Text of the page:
Advent Devotion – December 14 – Robin Orewiler

And he shall stand and feed his flock in the strength of the Lord, in the majesty of the name of the Lord his God.

Micah 5:2-5

Scripture: Micah 5:2-5

I’m a happy person. I sing in the shower, dance in the kitchen, and usually walk around with a smile on my face reflecting the joy in my heart. But the pandemic has challenged my normal, cheerful self.

I’ve found myself being discouraged, anxious, and fearful. The days are long and monotonous – nothing really to look forward to and so much to be sad about. I miss people. I miss joy. Some days I don’t want to talk to anyone. Other days I long to see, hug, and worship with my church family.

So many things are out of my control and I often become overwhelmed. I wonder when this will end and what life will be like then – will we ever return to our “normal” pre-COVID lives? All I can do is pray and have faith that things will improve. All I can do is trust God.

The Israelites suffered mightily at the hands of the Assyrians and prayed for God to help them. God promised to send “one who is to be a ruler in Israel on my behalf” (Micah 5:2). And that “He will stand and shepherd his flock….He will surely become great throughout the earth” (Micah 5:4). “He will become one of peace” (Micah 5:5). These verses show that God does not forget about God’s people. They also show that God promised a Savior: someone to lead, to comfort, and to believe in.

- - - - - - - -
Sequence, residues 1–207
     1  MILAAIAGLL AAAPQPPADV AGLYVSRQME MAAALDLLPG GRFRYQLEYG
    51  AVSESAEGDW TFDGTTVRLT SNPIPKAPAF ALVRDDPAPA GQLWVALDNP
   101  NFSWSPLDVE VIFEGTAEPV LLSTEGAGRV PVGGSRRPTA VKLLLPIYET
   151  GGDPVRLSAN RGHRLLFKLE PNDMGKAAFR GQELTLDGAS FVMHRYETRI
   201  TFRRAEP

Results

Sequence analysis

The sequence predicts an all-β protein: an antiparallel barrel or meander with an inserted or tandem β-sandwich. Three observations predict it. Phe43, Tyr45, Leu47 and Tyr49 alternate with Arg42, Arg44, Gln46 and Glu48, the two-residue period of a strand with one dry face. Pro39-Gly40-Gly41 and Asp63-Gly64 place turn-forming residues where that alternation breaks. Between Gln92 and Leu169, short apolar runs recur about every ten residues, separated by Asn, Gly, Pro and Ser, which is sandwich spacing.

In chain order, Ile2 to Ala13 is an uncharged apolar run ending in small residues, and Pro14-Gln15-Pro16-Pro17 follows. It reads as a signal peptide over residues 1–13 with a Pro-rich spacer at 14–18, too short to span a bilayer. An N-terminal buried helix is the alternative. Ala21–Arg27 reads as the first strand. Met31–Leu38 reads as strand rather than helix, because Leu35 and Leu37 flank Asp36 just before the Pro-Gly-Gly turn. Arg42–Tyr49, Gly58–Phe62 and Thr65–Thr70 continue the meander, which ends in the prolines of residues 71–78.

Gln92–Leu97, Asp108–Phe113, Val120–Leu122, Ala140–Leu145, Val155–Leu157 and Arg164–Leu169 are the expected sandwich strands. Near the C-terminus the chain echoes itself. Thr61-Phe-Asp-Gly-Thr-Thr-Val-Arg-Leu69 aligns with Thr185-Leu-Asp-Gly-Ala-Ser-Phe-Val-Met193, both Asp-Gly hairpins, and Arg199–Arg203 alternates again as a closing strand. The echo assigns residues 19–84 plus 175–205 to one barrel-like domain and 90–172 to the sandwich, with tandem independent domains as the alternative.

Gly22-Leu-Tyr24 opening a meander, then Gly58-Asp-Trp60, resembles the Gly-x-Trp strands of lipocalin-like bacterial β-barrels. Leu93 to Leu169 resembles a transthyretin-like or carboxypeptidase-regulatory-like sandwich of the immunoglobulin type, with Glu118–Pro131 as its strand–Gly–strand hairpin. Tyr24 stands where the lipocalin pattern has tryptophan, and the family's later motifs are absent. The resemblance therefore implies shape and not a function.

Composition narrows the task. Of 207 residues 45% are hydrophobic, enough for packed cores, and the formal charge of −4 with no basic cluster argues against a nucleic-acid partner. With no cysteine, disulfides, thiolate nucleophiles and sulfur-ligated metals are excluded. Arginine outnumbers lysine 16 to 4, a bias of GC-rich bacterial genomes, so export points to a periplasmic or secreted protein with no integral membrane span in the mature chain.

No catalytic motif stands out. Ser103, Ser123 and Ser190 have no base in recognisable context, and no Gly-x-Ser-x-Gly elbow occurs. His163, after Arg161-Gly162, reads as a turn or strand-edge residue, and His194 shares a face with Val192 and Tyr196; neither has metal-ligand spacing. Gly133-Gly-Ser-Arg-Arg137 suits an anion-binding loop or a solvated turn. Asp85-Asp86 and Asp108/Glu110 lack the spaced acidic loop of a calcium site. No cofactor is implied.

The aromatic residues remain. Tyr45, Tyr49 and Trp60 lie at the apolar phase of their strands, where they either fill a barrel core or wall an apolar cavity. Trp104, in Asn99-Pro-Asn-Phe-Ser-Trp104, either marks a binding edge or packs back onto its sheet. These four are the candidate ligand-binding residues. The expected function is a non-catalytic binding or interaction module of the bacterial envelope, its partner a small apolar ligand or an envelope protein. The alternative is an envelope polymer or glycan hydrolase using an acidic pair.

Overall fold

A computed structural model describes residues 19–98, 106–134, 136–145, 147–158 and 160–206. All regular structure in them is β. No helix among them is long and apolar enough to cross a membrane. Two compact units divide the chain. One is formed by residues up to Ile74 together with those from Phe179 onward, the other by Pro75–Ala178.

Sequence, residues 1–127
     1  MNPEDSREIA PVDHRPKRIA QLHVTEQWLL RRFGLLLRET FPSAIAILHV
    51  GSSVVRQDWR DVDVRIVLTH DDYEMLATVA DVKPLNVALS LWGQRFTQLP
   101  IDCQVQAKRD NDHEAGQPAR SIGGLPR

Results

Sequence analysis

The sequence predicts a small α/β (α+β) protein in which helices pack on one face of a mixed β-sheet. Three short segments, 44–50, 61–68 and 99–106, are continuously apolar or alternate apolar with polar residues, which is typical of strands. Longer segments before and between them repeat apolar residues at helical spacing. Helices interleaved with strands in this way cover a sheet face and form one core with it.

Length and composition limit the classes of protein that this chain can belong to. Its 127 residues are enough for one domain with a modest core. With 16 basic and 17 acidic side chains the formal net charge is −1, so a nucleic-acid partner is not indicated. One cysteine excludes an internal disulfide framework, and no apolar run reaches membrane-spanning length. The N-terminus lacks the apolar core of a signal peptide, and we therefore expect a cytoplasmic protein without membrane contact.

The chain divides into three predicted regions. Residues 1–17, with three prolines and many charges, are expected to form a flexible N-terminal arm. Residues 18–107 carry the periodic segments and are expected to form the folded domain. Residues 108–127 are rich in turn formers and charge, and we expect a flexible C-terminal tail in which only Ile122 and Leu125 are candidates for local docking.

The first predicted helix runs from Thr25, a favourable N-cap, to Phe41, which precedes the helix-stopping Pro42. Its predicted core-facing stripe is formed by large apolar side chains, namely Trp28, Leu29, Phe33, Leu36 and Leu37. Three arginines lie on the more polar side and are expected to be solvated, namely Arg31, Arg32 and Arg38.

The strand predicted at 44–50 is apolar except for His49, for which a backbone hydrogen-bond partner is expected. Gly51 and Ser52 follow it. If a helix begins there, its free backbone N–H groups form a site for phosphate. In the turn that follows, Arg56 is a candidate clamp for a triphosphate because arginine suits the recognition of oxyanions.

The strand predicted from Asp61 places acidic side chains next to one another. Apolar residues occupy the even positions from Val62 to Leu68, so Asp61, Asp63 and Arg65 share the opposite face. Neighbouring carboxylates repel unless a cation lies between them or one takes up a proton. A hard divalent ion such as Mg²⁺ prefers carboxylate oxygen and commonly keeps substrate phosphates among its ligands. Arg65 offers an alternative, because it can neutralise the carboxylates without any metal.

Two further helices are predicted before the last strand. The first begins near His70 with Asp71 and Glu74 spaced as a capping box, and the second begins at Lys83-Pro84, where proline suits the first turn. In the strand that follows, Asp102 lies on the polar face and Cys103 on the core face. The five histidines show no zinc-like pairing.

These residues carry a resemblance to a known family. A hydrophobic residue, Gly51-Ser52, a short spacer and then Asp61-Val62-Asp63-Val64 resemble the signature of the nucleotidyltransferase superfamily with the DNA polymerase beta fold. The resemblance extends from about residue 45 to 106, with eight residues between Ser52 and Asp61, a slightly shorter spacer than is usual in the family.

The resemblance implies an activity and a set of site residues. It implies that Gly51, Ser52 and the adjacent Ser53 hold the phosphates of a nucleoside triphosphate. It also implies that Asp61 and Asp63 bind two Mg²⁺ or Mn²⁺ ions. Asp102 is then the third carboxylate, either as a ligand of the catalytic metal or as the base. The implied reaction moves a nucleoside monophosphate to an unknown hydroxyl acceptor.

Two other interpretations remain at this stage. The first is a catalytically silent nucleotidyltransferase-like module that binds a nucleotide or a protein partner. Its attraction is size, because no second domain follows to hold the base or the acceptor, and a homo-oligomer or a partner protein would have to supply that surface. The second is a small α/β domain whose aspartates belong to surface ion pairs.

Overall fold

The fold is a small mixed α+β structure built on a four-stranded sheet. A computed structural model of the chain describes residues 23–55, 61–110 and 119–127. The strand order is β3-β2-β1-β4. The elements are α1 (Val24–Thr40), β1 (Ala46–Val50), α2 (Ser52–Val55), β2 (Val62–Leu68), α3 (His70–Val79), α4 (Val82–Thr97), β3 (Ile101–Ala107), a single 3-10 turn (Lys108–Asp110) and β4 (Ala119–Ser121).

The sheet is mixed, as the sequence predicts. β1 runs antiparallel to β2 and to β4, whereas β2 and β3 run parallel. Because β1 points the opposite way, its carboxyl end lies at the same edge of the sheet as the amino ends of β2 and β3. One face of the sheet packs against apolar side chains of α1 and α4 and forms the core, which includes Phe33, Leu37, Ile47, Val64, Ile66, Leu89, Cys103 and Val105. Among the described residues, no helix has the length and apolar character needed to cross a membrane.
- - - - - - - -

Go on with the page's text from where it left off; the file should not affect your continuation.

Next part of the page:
Advent is a time to reflect upon that savior – Jesus.

The Advent candles remind us who Jesus is: hope, peace, joy, and love. Hope like a light shining in the dark. Peace like being surrounded in a soft, warm blanket. Joy that is deep in your soul and tickles your heart. Love that is unending and everlasting.

When we find ourselves feeling despair, anxiety, and fearing the unknown – trust in the power and love of God who sent us his only son, Jesus, to bring hope and renewal to our world.

Robin Orewiler

 Core Idea: Jesus comes to bring peace to the afflicted.

Advent Devotion – December 13 – Suanne Bone

Here is my servant, whom I uphold,
my chosen, in whom my soul delights.

Isaiah 42:1-4

Scripture: Isaiah 42:1-4
For many years, my grandmother picked me up from school. I was fortunate to spend afternoons at her home before my mother arrived. Her home felt of love and warmth. My grandmother was kind and carefully chose her words. She spoke gently, but truthfully. My grandmother was patient and diligent in her faith and serving the Lord. She passed from this world leaving it better than when she arrived.

In Isaiah 42:1-4 God’s servant is described as fair, calm, patient, faithful, and true.

As Christians living in the commotion of today’s world, we must learn to find the calm and learn to serve in the midst

of chaos. To serve, one must find peace. True peace can only be found through prayer and introspection, delving into the scripture, and developing a relationship with God. A sense of calmness can be conveyed to others by speaking kind words, listening with patience, righting the wrongs or injustices, and seeking the good in others.